Bend and Redmond are both starved for affordable housing. They both deserve to win the Legislature’s program to allow more affordable housing outside a city’s boundaries.

The state shouldn’t have to pick one winner because that means Oregonians lose. When the Legislature reconvenes next year, it should expand the program.

The Legislature passed House Bill 4079 in 2016. It created a pilot program for cities to create affordable and market-rate housing outside of a city’s urban growth boundary without having to go through the normal, extensive UGB process.

The program doesn’t allow cities to completely subvert Oregon’s land use laws. Allowed sites could be only up to 50 acres and could not be located on high-value farmland. Requirements included guarantees that the affordable housing would remain affordable for 50 years, and the city must demonstrate it is trying to promote affordable housing within its own boundaries.

Bend submitted an application for property on the city’s eastern border off of U.S. Highway 20. The city’s plan is for 550 homes. Of those, 153 would be restricted to families making less than 80 percent of the area median income and 102 would be restricted to families making 60 percent or less of the area median income. The rest would be market-rate housing.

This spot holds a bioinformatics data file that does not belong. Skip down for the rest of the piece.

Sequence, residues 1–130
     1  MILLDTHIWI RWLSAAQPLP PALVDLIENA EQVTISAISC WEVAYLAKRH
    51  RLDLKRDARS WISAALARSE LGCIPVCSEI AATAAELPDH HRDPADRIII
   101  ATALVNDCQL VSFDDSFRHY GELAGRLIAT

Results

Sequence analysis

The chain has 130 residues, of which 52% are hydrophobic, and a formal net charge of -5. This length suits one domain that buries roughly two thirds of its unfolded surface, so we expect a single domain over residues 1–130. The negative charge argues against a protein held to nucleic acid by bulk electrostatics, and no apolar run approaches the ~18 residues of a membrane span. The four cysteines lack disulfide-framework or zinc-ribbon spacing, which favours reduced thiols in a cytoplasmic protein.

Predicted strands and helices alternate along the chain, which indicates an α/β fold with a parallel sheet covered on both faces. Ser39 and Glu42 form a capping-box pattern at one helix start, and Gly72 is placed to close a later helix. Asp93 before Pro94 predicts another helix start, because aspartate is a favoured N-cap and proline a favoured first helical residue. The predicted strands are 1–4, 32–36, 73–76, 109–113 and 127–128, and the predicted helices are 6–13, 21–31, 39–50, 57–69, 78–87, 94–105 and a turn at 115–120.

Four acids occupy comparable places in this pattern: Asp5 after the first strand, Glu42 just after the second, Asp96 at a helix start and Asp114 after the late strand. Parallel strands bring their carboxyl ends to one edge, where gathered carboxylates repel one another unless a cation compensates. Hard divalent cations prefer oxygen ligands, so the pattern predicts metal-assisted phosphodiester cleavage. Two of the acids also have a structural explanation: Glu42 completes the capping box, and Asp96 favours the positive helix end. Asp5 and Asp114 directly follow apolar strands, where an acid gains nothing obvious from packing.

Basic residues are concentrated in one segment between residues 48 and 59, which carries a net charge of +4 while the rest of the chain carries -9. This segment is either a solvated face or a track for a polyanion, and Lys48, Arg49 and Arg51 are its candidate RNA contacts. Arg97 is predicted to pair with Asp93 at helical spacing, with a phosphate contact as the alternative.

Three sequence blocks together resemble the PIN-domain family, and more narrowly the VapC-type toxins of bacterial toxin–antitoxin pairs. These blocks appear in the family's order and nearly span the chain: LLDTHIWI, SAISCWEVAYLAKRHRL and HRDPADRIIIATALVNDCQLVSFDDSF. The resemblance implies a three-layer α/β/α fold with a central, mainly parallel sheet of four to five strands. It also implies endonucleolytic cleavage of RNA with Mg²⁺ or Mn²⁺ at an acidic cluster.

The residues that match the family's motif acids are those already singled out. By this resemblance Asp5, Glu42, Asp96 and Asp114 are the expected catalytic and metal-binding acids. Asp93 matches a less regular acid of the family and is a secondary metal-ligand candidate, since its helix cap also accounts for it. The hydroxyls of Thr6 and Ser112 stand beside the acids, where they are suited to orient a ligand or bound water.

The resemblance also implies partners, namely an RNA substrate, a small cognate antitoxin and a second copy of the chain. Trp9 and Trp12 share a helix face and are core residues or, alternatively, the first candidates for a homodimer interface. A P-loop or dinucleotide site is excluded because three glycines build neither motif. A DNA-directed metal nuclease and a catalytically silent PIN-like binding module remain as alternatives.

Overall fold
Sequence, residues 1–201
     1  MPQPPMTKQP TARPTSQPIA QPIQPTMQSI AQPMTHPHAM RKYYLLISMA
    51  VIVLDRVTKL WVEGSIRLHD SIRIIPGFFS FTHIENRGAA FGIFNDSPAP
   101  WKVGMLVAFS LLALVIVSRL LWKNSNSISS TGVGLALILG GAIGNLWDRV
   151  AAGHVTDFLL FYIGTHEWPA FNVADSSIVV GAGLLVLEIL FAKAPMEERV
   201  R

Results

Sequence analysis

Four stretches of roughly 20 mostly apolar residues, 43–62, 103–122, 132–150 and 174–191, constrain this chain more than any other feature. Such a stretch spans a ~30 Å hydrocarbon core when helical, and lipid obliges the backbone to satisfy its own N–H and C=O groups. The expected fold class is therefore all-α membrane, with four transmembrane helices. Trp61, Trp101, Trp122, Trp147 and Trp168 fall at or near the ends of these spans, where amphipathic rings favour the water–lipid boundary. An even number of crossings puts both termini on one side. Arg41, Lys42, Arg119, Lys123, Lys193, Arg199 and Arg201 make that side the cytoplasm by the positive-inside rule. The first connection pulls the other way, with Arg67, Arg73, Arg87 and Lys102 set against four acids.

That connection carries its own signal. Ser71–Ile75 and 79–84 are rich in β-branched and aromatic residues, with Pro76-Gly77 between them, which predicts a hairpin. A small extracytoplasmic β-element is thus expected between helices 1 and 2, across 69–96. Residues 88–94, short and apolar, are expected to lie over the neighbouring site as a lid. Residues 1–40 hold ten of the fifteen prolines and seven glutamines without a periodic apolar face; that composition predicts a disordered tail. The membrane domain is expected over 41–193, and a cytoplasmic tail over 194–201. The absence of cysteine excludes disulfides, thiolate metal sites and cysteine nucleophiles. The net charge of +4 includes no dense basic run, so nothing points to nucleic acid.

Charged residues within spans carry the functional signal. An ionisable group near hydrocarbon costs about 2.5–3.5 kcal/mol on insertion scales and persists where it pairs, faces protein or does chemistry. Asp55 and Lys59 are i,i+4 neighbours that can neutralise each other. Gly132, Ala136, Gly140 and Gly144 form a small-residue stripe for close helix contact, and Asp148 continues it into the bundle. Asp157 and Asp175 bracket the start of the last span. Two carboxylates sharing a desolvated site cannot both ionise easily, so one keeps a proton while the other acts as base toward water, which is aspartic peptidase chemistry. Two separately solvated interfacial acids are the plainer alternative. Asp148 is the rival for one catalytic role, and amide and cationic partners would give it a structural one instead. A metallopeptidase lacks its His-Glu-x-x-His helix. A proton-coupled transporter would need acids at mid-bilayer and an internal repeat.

Redmond’s plan is for 400 to 500 homes on 40 acres of county land east of town. Half of them would be for families making 80 percent of median income and the rest would be market rate.

Why is it good that only Bend or Redmond can win? Why can’t other towns be allowed the same flexibility? The Legislature should turn this pilot into a permanent program.

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